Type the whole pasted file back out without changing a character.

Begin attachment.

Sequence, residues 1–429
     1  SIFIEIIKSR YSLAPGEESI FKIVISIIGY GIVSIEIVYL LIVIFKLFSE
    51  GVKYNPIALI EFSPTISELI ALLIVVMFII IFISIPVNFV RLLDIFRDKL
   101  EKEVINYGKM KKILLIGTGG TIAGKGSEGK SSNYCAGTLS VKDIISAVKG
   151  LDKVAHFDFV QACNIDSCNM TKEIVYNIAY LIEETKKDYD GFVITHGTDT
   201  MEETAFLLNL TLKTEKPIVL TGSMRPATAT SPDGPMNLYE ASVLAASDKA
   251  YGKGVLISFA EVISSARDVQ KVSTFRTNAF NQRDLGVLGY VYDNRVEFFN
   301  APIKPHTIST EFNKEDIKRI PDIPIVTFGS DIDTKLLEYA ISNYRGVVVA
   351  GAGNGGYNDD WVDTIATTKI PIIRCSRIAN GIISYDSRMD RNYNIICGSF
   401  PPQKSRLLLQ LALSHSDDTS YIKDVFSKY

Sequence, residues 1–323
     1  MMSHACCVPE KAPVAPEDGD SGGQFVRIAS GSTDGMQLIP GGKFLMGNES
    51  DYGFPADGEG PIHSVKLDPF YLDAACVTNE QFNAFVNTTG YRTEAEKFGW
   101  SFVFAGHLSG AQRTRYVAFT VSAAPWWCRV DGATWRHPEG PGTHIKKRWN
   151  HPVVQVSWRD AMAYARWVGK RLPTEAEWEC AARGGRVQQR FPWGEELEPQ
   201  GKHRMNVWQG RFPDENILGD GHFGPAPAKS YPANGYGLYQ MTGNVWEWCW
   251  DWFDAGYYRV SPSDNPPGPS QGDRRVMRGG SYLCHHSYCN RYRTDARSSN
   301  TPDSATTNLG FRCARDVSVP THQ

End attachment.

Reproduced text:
Sequence, residues 1–429
     1  SIFIEIIKSR YSLAPGEESI FKIVISIIGY GIVSIEIVYL LIVIFKLFSE
    51  GVKYNPIALI EFSPTISELI ALLIVVMFII IFISIPVNFV RLLDIFRDKL
   101  EKEVINYGKM KKILLIGTGG TIAGKGSEGK SSNYCAGTLS VKDIISAVKG
   151  LDKVAHFDFV QACNIDSCNM TKEIVYNIAY LIEETKKDYD GFVITHGTDT
   201  MEETAFLLNL TLKTEKPIVL TGSMRPATAT SPDGPMNLYE ASVLAASDKA
   251  YGKGVLISFA EVISSARDVQ KVSTFRTNAF NQRDLGVLGY VYDNRVEFFN
   301  APIKPHTIST EFNKEDIKRI PDIPIVTFGS DIDTKLLEYA ISNYRGVVVA
   351  GAGNGGYNDD WVDTIATTKI PIIRCSRIAN GIISYDSRMD RNYNIICGSF
   401  PPQKSRLLLQ LALSHSDDTS YIKDVFSKY

Sequence, residues 1–323
     1  MMSHACCVPE KAPVAPEDGD SGGQFVRIAS GSTDGMQLIP GGKFLMGNES
    51  DYGFPADGEG PIHSVKLDPF YLDAACVTNE QFNAFVNTTG YRTEAEKFGW
   101  SFVFAGHLSG AQRTRYVAFT VSAAPWWCRV DGATWRHPEG PGTHIKKRWN
   151  HPVVQVSWRD AMAYARWVGK RLPTEAEWEC AARGGRVQQR FPWGEELEPQ
   201  GKHRMNVWQG RFPDENILGD GHFGPAPAKS YPANGYGLYQ MTGNVWEWCW
   251  DWFDAGYYRV SPSDNPPGPS QGDRRVMRGG SYLCHHSYCN RYRTDARSSN
   301  TPDSATTNLG FRCARDVSVP THQ